"Be the reason someone smiles. Be the reason someone feels loved and believes in the goodness in people."

- Roy T. Bennett
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United States Polar Offline
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( This post was last modified: 12-26-2016, 07:02 AM by Polar )

I.Introduction (Part One) cont.


Upon sight, the dual ice cap system seemed to maintain copious amounts of fresh water untainted by the vast saltwater of the Arctic seas. Around the ice caps, a few Arctic seagulls stood around, glancing towards my direction. It seemed as if a particular one of them took to the liking of my presence, thus explaining why the curious one waddled a few steps in my direction. Slowly, I bent down and stared at the birdy being: it continued its stare of curious apprehension. 


Ignoring it, I sidestepped towards one of the ice caps and punched a fist-sized hole into it. Water, for sure! Without hesitation, I quickly acquired a handful of water in two hands and began to placate my excessive thirst. Some spilled out, but the magnitude of water within this ice cap exceeded the magnitude of my thirst. A few more handfuls in, and two seagulls started waddling towards the ice cap I was drinking from, thrusting their elongated beaks into it. Seems they were as thirsty as I was, yet they couldn't break through it with their weaker beaks.


In the Arctic, moments like this can easily form a positive mental reinforcement within one's mind. My situation involved helping creatures of flight get the water for their survival. It helped knowing that animals can appreciate help and reciprocate it, especially when the same group of seagulls helped guide me to a rotting carcass later.
"Be the reason someone smiles. Be the reason someone feels loved and believes in the goodness in people."

- Roy T. Bennett
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( This post was last modified: 12-28-2016, 10:12 AM by Polar )

I.Introduction (Part One) cont.


As I gazed at the rotting mammal carcass ahead of me, I noticed a large, shadowy shape: it looked like a huge beast of some sort. It was hard to see within the cold, foggy winds of the Arctic terrain, but a huge beast was quite apparent, judging from its bear-like figure. 


It seemed to be heading for me, possibly not catching sight of me and simply detecting my smelly presence. Then I saw it, or him, rather: a mature monster of a male polar bear, a foot taller than my height at his muscular shoulders, thick forearm guard hairs, robust face, and most importantly, his death-striking stare.


My stare met his, although without fear on my side. It was as if his stare intimidated me into an inability to display any emotion. He was the largest bear I've ever came upon in my entire life, quite larger than the fattest bears at the zoos back in the human world. Weight-wise, he looked to be a ton; not fat, but mostly muscle.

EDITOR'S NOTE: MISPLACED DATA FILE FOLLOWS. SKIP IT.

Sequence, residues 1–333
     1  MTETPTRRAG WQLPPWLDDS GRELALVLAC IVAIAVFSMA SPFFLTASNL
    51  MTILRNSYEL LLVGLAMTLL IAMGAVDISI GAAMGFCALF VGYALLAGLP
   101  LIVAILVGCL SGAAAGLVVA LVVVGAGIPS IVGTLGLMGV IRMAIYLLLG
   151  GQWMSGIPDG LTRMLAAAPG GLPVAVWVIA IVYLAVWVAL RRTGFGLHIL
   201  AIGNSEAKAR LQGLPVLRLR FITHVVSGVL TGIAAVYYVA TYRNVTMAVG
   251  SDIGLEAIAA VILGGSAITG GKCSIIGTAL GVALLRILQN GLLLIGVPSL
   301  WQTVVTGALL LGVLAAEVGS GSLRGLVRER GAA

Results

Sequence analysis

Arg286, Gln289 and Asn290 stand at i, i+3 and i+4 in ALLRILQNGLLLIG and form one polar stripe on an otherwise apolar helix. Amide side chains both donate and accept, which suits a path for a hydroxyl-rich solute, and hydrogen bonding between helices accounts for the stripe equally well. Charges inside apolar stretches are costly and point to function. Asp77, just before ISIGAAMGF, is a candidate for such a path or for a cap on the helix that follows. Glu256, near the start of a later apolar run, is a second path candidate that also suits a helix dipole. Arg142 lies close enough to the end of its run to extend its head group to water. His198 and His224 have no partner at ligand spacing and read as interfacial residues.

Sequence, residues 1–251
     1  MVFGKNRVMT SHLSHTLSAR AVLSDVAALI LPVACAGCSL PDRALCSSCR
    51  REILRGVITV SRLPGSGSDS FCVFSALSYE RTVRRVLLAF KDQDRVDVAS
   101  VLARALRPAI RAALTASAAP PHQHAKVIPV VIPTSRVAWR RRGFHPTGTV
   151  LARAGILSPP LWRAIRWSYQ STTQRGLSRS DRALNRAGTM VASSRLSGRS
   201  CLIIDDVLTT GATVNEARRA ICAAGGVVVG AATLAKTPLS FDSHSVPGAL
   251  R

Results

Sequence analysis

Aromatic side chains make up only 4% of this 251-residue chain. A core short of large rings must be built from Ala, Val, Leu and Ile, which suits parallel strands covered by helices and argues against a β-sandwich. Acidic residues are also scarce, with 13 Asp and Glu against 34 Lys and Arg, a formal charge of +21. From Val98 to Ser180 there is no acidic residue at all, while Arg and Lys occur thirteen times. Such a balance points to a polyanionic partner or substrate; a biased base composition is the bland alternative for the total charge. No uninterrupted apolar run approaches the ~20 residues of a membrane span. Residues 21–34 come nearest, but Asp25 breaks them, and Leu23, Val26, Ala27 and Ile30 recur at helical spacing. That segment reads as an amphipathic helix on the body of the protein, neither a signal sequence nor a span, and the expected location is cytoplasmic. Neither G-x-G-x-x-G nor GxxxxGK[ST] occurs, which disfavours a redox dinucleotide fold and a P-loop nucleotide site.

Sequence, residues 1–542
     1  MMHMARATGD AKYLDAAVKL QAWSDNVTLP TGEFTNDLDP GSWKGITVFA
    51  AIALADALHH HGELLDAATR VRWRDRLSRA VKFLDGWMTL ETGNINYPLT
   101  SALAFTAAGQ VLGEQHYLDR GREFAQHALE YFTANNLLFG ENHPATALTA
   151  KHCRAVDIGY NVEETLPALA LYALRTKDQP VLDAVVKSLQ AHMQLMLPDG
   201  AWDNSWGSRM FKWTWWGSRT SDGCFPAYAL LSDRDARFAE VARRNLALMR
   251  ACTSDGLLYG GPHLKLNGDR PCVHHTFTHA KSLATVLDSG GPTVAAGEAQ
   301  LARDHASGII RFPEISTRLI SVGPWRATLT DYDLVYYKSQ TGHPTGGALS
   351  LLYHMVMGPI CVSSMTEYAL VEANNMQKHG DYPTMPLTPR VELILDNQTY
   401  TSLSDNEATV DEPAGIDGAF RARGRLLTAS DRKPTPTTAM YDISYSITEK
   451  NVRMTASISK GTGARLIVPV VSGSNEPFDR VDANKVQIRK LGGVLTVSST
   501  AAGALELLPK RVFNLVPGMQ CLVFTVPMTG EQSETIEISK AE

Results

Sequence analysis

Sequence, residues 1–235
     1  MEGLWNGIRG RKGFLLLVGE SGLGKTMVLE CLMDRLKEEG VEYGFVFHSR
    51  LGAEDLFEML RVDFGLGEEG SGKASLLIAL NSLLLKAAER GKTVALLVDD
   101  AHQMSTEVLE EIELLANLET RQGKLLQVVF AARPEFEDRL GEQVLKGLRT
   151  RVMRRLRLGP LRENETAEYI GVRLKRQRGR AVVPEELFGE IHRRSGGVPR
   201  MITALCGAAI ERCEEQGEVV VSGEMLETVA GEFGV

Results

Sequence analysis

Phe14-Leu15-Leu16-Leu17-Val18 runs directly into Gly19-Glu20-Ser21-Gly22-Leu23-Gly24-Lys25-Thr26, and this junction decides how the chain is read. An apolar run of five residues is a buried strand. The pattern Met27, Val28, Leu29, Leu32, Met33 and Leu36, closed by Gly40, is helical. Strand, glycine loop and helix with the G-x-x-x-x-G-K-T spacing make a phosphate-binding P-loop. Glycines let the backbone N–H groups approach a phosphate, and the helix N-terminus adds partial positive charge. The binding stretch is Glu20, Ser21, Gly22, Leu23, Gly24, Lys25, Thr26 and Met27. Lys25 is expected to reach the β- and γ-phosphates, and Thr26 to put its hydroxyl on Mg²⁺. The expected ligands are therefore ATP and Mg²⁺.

His shoulders looked like a tall and thick snow mound, his arms were as defined as a professional bodybuilder and thick as a durable tree trunk, his neck looked too thick for even his chest, not taking into account the thick vat of hair around his girthy neck. Most importantly, his torso section imitated the defined portion of a sharply-decorated cake; ribs protruding out and muscle lines across his belly. I was looking at the most powerful meat-eater, one that could, with extreme ease, liquify my flesh into a cold, meaty broth with a single swipe of his two-foot paw.


A monster I was gawking at...
"Be the reason someone smiles. Be the reason someone feels loved and believes in the goodness in people."

- Roy T. Bennett
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United States Polar Offline
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#14
( This post was last modified: 12-29-2016, 10:26 AM by Polar )

I.Introduction (Part One) cont.


The large, white-furred monster slowly raised one of his paws and smacked the ground in front of me.


Suddenly, I fell down into a dreamy state...
"Be the reason someone smiles. Be the reason someone feels loved and believes in the goodness in people."

- Roy T. Bennett
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United States Polar Offline
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#15
( This post was last modified: 12-31-2016, 11:50 PM by Polar )

Again, I apologize for the lack of posts, but it looks like my modem permanently retired (typing this by phone).

But anyway, Part II of the introduction of "Polar", titled "Strange Visions", will be quite a different (more spiritual) journey than the survivalistic, direct approach of Part I of the series. It will be about myself in a dream state, and so far,  I've developed a few rough ideas of some dreams that could be implemented in this part.
"Be the reason someone smiles. Be the reason someone feels loved and believes in the goodness in people."

- Roy T. Bennett